A reviews round-up for Re-Member Me at Hampstead Theatre in London starring actor and artist Dickie Beau.
Dickie Beau has been hailed as “theatre’s master of lip-sync” by The Guardian, and proves it here in his extraordinary show Re-Member Me.
While building a human Hamlet mix-tape, taking recordings of great Hamlets from the past to channel into an epic one-man lip-sync show, Dickie Beau found one especially masterful rendition. This ghost from Hamlet’s past left an indelible mark on all who saw it, however, this Hamlet can never be “re-membered” – because no recording exists.
This show attempts to bring that Hamlet back to life through interview recordings with Ian McKellen, Peter O’Toole and Richard Eyre and more.
First presented as a scratch performance at the Almeida Theatre on the set of Robert Icke’s production of Hamlet in 2017, Re-Member Me transferred to the Public Theater, New York and has gone on to play the Melbourne International Arts Festival and Perth International Festival.
Directed and co-devised by Jan-willem van den Bosch, Re-Member Me is playing at Hampstead Theatre until 17 June 2023.
Check out reviews including The Times, Telegraph and The Stage, with more reviews to follow.
Re-Member Me reviews
"Dickie Beau’s enthralling dissection of Hamlet"
"Dickie Beau’s arresting take on Hamlet doesn’t so much deconstruct the text as explode it before reassembling the pieces to create a work that’s as haunting as it’s ebullient. Whatever your take, this is bracingly, disconcertingly original: a meditation on mortality that includes mannequins and a glitter ball, a biting tribute to Shakespeare that starts with Withnail and I and climaxes with Chariots of Fire."
"There’s fizzing gossip but also tenderness as Beau focuses increasingly on Ian Charleson, the actor who replaced Daniel Day-Lewis after the latter quit his role as Hamlet in 1989 at the National Theatre. Charleson (made famous by Chariots of Fire) would die of Aids just two months after the production ended, throwing the play’s simultaneous connotations of mortality and immortality into stark relief."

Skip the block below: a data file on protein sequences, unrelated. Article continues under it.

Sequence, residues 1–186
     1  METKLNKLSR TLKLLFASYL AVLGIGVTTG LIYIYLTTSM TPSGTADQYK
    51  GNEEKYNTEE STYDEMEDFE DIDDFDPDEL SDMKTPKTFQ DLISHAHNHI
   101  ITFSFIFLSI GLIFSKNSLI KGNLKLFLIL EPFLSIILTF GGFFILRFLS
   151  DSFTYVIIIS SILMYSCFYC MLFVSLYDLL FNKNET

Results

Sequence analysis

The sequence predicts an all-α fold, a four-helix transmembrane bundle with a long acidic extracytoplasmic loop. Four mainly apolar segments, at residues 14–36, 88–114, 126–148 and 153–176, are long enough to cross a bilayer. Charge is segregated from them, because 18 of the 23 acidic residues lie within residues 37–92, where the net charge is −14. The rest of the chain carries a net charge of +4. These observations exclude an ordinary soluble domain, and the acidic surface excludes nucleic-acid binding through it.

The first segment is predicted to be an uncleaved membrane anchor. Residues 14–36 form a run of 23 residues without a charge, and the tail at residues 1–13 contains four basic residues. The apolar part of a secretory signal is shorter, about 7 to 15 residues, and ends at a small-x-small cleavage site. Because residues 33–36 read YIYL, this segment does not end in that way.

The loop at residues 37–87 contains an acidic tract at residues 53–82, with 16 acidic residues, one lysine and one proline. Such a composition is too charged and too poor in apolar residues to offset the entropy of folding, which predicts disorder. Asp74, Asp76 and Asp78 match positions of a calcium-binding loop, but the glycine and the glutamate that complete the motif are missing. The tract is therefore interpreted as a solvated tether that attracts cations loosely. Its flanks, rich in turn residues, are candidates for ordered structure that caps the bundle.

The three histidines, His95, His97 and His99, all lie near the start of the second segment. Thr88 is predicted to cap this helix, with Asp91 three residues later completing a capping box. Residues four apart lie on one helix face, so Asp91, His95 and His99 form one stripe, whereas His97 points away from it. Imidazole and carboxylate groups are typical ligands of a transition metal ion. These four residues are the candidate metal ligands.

"A Hamlet fantasia of infinite jest – and stirring sorrow"
"Dickie Beau's subversive meditation on Shakespeare's masterpiece, at Hampstead Theatre, ranges from sharp satire to stabbing poignancy"
"Beau’s calling-card is his lip-syncing ability, and that’s deployed to striking effect – as he opens and closes his mouth to recordings of big theatrical fish in reminiscence mode, chiefly Ian McKellen and directors Sean Mathias and Richard Eyre, the latter recalling the formative experience of seeing Peter O’Toole in the part."
"If there’s humour at the expense of the interviewed old boys’ club – intakes of breath and forgetful hesitations tongue-in-cheekily preserved – it’s what’s not preserved that sharpens the montage into stabbing poignancy. Those invited memories cluster around the fleeting spectacle, and sensation, of Ian Charleson’s Hamlet, which followed in the wake of Daniel Day-Lewis’s distraught departure from Eyre’s 1989 NT production."
"Shrewd and eloquent"
"A striking meditation on life and death through the words of Hamlet"
"Re-member Me, Dickie Beau’s original and marvellously vivid Hamlet mixtape, deals with the fallibility of human consciousness and asks if we can ever reimagine an actor in totality, beyond his final curtain call."
"If Hamlet is the pinnacle of theatrical success, then Beau has failed. But no bother, because his production is art. Voices of actors become his own as he morphs vibrantly into each of their unique physical energies. A master ventriloquist, he squeezes all the oomph of lip-syncing and spits it out at a faultless pace. Laden with queerness, character and oh so much talent, he is a mesmeric performer."
"In its simplest form, Re-member Me gives Charleson his moment of glory and remembrance. But viewing the play as an obituary would be reductive. This is Shakespeare re-formed and reborn. It is a marvel that reminds us, all too acutely, of our own mortality. If Beau wants to be remembered, then this shrewd, eloquent haunting should earn him that right."